I should like to point out that the national transportation policy has been and is the cornerstone of transportation regulation in this country. Under it our country has evolved the strongest, most efficient transportation plant in the world and the only large one under private ownership. The development of this transportation plant in all of its ramifications was made possible only as a result of the foresight of Congress in enacting the national transportation policy and requiring the Commission to administer and enforce it. The proposed rule of ratemaking, in my opinion, would tear out the very cornerstone of our national transportation structure by destroying all surface transportation other than the railroads and in turn leading to the eventual destruction of the railroads themselves under private ownership.

Senator SMATHERS. I just want to say right there, that you are entitled to your opinion on that, but you have heard Senator Wheeler.

Mr. WELLER. I did, sir.

Senator SMATHERS. All we are seeking to do—and every reasonable interpretation of what we are trying to do—is to put in the statute, and carry out the specific injunction of the transportation policy which you say has made us the greatest ever. Up until 1950 there was no need for the kind of thing we are having to do now. But since 1950, when your problems have started getting greater, and you have lost more money, the Commission has not been consistent, and that is the occasion why now we feel it necessary to reemphasize the importance of the national transportation policy, which you say has made us the greatest ever. That is all we are seeking to do.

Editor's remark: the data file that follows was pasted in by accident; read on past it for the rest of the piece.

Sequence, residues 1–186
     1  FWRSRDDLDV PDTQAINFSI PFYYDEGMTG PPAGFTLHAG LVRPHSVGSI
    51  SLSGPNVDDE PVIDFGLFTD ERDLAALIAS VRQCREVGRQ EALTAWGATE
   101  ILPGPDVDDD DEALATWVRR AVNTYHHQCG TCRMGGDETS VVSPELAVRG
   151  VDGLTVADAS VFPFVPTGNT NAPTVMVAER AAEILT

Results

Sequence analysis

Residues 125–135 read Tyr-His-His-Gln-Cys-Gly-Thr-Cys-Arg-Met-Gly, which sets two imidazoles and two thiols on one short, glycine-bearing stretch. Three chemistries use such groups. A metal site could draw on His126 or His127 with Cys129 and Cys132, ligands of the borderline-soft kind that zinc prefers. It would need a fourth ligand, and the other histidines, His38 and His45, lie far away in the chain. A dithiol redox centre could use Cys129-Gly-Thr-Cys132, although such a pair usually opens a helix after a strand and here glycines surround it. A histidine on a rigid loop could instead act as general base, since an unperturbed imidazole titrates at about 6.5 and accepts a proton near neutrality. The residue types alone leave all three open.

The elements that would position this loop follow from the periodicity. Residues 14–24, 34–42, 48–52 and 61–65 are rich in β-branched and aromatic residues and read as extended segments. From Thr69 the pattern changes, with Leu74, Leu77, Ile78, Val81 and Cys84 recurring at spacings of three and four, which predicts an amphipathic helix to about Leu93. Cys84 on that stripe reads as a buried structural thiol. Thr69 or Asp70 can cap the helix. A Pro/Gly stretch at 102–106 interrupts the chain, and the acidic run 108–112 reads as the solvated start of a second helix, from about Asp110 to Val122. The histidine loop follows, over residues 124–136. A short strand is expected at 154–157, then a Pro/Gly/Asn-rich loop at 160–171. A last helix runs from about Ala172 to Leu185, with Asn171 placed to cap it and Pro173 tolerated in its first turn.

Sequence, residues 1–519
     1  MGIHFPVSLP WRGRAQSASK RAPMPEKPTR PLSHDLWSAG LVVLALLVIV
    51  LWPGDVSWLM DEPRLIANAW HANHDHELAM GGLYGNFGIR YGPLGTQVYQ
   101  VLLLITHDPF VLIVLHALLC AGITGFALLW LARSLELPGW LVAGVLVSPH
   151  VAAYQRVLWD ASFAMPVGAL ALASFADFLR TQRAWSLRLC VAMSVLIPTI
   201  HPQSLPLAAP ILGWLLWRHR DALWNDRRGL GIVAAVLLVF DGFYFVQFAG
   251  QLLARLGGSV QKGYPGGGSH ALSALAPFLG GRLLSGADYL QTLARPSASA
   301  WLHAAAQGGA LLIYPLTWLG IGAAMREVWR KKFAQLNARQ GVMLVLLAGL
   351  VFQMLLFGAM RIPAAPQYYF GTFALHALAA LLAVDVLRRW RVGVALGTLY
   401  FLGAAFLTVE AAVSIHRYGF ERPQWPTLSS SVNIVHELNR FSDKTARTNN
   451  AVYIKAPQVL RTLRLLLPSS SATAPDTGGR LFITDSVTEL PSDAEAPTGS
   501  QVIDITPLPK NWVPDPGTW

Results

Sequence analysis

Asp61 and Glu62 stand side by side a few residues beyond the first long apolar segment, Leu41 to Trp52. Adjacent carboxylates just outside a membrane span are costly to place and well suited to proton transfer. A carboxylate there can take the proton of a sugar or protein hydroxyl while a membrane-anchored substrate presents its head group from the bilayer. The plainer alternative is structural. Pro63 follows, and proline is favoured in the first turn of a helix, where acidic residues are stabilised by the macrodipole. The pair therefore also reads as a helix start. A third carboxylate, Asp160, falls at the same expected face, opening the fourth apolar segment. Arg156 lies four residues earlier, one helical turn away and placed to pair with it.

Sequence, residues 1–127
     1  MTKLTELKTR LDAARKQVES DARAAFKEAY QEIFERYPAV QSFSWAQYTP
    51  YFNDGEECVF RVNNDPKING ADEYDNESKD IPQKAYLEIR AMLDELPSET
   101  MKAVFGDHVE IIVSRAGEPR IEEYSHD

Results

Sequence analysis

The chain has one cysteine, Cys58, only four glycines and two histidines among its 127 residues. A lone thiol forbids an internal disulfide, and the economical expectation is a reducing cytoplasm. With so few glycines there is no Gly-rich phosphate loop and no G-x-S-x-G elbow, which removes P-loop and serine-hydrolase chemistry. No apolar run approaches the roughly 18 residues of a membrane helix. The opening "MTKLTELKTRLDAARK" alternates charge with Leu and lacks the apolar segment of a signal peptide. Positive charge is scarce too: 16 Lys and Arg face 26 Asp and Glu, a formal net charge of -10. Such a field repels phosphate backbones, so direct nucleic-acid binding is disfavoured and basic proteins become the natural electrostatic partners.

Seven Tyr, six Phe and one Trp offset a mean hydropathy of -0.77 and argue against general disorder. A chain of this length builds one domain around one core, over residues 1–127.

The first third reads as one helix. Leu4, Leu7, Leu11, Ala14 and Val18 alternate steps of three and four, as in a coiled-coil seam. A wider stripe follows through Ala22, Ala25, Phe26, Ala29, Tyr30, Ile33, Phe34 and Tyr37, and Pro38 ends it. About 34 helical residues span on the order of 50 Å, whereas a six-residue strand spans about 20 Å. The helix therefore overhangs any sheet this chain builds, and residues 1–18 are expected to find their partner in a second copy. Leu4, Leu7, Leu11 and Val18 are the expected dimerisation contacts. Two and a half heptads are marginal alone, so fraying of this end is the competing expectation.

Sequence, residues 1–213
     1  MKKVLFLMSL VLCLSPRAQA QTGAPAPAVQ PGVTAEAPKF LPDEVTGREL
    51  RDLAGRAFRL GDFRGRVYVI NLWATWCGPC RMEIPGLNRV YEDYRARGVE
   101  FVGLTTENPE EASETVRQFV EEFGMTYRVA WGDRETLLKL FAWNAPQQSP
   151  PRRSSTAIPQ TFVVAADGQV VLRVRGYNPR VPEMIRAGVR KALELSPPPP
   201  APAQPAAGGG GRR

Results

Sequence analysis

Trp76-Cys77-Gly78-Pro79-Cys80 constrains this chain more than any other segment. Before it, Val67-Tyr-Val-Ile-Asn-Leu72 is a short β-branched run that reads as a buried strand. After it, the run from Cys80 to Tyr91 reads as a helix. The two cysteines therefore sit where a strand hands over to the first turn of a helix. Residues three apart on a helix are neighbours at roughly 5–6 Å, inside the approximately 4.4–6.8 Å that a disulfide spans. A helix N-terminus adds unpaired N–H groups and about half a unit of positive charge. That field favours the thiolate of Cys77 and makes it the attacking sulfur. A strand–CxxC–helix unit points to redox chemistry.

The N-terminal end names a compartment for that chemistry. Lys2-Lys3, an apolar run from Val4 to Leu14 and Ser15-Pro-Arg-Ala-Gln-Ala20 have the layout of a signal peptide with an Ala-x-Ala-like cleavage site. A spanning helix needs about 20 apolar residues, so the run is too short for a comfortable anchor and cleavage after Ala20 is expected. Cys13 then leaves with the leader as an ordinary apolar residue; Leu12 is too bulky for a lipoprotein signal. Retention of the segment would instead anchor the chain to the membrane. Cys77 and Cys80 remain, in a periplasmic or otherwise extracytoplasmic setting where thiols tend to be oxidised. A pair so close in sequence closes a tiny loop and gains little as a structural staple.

Mr. WELLER. I am sorry to disagree with you, Senator, but I don't find anything in the amendment which emphasizes the national transportation policy.

Senator SMATHERS. All right, sir.